The New American Painting
Tate Britain: Exhibition
24 February 195922 March 1959
The New American Painting inauguration Tate Britain 1959

The New American Painting inauguration, Tate Britain, 1959

Photo
© Tate

This is the second occasion on which The Museum of Modern Art has collaborated with the Arts Council and the Tate Gallery in bringing an exhibition of American art to the British public. The first was in 1956, when Modern Art in the United States: A Selection from the Collections of The Museum of Modern Art, New York was shown in London.

A survey of American painting, sculpture, and printmaking of the twentieth century, this exhibition was drawn exclusively from the collections of our museum and presented the wide variety of contemporary styles which have developed in our country, ranging from the so-called modern primitives and realists to the various schools of abstraction.

Particular attention by the English critics and the public was devoted to the work of the more recent Avant-garde of American painters included in this exhibition, which was widely held to be considered America’s most distinctive contribution to contemporary art.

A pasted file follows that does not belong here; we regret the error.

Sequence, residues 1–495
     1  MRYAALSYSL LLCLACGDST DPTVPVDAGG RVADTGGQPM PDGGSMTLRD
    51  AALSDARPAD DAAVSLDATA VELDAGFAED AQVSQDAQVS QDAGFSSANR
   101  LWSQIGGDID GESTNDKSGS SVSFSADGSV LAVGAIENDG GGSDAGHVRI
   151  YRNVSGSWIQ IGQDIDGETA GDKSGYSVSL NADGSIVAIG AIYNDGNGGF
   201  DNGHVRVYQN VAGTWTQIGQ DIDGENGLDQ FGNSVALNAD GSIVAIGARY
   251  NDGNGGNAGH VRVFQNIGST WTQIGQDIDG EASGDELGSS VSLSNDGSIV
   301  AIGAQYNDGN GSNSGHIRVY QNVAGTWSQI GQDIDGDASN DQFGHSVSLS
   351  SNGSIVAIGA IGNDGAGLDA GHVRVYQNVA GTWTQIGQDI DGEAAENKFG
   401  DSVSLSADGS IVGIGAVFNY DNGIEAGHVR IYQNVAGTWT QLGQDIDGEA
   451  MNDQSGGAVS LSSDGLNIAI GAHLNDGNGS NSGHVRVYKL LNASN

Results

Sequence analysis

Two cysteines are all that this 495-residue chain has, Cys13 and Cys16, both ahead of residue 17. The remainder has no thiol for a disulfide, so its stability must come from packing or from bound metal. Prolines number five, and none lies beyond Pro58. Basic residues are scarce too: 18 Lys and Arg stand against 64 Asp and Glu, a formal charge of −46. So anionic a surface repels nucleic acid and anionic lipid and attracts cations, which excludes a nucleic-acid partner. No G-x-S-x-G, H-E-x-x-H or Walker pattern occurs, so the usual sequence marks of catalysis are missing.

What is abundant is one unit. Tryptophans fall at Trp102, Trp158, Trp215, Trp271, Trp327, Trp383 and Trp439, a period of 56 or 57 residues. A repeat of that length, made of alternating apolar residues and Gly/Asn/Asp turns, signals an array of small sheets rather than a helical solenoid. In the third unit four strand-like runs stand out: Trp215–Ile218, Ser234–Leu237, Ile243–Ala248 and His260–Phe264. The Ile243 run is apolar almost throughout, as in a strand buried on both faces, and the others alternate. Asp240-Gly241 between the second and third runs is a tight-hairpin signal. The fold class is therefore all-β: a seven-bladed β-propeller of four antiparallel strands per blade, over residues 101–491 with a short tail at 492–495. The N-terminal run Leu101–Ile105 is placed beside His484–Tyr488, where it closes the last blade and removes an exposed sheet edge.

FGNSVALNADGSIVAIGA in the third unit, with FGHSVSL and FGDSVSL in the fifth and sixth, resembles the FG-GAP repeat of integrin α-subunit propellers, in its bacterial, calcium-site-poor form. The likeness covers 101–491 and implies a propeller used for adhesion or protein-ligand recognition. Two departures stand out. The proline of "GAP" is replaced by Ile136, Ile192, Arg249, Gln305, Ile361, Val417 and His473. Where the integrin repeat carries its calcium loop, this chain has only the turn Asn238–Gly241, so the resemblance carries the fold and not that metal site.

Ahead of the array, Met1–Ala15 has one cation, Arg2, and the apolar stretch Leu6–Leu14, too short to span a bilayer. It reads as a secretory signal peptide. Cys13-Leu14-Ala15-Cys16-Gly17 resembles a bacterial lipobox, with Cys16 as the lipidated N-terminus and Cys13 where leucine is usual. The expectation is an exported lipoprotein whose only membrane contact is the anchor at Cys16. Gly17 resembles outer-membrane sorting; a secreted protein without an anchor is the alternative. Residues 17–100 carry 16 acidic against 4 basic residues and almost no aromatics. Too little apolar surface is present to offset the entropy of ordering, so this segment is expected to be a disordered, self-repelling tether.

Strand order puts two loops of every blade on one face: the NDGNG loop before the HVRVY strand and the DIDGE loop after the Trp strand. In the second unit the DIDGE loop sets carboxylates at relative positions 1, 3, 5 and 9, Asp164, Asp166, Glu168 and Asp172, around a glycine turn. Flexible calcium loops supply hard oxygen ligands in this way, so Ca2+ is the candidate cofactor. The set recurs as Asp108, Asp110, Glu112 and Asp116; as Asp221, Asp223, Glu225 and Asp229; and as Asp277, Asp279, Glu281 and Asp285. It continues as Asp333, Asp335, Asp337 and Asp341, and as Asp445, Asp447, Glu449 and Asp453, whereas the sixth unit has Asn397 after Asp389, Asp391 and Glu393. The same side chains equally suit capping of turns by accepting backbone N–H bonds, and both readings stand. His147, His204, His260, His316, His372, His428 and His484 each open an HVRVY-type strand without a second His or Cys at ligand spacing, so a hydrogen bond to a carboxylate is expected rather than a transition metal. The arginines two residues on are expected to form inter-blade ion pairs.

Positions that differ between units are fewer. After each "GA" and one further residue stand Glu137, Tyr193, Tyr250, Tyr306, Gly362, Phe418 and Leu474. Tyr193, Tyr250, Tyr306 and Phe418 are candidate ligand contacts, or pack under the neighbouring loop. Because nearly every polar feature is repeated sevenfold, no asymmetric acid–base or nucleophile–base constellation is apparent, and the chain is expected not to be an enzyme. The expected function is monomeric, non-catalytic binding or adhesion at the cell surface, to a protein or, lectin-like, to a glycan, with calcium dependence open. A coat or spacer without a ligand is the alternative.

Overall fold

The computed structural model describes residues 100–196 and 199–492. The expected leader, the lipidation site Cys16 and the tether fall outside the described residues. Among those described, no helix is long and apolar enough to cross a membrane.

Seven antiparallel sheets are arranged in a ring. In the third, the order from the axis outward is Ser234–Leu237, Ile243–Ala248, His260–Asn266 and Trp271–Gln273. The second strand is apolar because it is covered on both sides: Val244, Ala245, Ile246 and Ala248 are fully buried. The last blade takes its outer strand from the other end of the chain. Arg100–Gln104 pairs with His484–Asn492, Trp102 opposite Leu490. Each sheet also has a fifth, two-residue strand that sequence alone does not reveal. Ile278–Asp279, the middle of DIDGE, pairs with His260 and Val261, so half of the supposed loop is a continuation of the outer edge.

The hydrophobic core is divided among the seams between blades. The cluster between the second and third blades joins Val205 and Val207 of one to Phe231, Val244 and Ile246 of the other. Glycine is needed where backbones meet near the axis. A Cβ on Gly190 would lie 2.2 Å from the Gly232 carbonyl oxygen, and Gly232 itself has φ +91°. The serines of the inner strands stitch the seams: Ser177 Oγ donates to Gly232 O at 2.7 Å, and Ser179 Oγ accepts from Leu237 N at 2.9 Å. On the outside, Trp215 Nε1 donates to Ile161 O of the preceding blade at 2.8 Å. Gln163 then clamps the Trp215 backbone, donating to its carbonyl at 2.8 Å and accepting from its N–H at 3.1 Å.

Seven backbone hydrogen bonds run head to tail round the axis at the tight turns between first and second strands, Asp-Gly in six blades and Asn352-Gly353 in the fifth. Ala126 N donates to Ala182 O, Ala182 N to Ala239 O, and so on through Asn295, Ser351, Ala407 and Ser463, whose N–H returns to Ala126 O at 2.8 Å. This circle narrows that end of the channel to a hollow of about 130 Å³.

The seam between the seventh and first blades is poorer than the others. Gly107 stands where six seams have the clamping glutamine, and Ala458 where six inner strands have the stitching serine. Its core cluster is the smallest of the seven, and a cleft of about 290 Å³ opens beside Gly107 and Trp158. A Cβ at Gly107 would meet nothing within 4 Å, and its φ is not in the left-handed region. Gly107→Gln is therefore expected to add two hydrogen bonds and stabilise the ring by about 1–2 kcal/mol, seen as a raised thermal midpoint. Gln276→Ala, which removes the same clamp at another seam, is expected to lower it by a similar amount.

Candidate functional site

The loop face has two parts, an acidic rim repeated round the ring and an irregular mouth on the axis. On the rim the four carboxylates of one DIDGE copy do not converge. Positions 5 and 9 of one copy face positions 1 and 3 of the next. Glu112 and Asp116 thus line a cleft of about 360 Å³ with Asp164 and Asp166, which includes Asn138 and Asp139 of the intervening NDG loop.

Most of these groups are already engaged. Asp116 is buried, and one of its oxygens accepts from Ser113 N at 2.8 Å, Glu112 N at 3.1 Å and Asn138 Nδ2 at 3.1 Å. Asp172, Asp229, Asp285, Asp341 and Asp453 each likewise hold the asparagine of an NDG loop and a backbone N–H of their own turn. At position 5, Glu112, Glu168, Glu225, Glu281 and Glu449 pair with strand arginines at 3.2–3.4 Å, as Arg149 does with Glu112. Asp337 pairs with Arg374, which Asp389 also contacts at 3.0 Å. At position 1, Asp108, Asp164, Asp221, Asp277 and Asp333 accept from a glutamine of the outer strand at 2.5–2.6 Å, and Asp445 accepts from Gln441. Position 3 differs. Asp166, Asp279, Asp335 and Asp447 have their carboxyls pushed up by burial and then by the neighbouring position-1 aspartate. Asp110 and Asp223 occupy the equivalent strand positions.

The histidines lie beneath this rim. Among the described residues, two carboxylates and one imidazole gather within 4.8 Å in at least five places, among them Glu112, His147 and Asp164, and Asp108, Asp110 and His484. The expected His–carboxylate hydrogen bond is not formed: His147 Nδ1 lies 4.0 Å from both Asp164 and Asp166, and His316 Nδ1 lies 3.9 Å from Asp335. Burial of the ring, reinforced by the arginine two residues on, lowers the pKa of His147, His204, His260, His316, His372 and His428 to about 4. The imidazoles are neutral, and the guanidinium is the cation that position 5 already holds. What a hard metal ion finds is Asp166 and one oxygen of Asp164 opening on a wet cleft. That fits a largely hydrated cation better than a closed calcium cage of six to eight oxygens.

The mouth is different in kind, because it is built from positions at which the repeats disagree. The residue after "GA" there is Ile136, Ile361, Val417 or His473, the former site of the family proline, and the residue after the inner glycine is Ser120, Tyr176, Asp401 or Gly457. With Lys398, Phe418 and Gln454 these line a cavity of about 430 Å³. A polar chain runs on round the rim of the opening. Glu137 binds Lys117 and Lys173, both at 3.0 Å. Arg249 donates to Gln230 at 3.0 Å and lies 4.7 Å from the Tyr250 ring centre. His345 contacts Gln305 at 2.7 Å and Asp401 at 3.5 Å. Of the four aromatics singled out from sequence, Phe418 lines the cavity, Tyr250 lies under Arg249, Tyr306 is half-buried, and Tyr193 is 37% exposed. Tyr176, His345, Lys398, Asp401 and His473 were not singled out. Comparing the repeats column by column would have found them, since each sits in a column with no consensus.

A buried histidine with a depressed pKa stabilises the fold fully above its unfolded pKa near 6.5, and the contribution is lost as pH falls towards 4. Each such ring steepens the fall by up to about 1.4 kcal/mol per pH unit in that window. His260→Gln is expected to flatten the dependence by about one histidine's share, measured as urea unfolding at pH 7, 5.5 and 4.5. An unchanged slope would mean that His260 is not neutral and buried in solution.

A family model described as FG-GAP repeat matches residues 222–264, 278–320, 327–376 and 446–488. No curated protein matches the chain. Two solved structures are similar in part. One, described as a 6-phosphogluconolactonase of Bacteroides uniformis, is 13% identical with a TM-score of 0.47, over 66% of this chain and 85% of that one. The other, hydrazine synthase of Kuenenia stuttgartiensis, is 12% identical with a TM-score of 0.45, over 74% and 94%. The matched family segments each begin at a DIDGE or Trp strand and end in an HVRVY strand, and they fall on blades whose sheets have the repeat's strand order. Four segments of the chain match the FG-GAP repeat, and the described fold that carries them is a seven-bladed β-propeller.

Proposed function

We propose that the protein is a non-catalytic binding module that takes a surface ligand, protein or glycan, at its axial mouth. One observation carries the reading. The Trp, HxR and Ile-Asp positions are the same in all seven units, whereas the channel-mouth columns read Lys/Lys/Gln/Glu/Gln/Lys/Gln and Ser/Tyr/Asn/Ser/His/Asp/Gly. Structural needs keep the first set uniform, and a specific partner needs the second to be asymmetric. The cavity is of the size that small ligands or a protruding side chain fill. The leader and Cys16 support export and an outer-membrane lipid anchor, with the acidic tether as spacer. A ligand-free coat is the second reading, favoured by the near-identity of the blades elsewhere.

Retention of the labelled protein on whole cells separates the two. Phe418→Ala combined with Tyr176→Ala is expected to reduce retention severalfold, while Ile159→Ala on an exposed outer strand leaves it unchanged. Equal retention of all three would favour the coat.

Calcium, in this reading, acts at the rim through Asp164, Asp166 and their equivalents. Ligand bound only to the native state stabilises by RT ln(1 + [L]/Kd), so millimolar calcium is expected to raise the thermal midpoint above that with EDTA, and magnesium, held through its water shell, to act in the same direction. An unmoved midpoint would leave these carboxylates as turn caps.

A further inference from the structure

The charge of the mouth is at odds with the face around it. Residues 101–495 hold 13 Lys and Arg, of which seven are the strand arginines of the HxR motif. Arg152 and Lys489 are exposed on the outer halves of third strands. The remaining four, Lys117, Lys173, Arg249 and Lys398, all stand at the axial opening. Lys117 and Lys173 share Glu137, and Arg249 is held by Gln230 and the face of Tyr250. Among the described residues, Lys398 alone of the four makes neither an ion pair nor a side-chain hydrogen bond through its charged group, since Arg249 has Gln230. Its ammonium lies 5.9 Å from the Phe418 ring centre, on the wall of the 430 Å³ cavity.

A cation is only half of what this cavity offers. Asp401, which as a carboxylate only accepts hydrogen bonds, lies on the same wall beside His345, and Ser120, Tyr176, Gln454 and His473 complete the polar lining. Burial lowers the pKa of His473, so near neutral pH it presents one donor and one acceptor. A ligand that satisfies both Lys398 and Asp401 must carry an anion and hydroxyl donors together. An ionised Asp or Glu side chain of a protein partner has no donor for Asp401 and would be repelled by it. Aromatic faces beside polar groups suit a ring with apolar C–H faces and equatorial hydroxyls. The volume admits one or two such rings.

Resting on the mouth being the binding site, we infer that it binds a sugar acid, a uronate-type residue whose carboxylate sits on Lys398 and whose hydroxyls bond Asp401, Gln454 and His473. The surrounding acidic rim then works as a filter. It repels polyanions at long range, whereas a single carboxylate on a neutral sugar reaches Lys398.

The New American Painting, showing works by seventeen painters, was arranged in response to these requests.

Since 1950, hundreds upon hundreds of American artists have turned to ‘abstract expressionism’, some of them, like Tworkov, in mid-career, others, like Hartigan and Frands, while they were still students. Sam Francis is unique as the only expatriate in the show and the only painter whose reputation was made without benefit of New York, having moved directly to Paris from San Francisco where Still and Rothko had been honoured and influential teachers. Sculptors related to, and sometimes closely allied with, the painters’ movement should be mentioned, notably Herbert Ferber, David Hare, Ibram Lassaw, Seymour Lipton, Theodore Roszak and David Smith.

The movement, after several tentative early years, has flourished in its maturity since about 1948, roughly the starting point of this show. Naturally, because of its dominance, it has aroused much resistance in the United States among other artists and the public, but it has excited widespread interest and then influenced the painting of some of its most stubborn adversaries. Others are staunchly resisting what has inevitably become fashionable.

AHB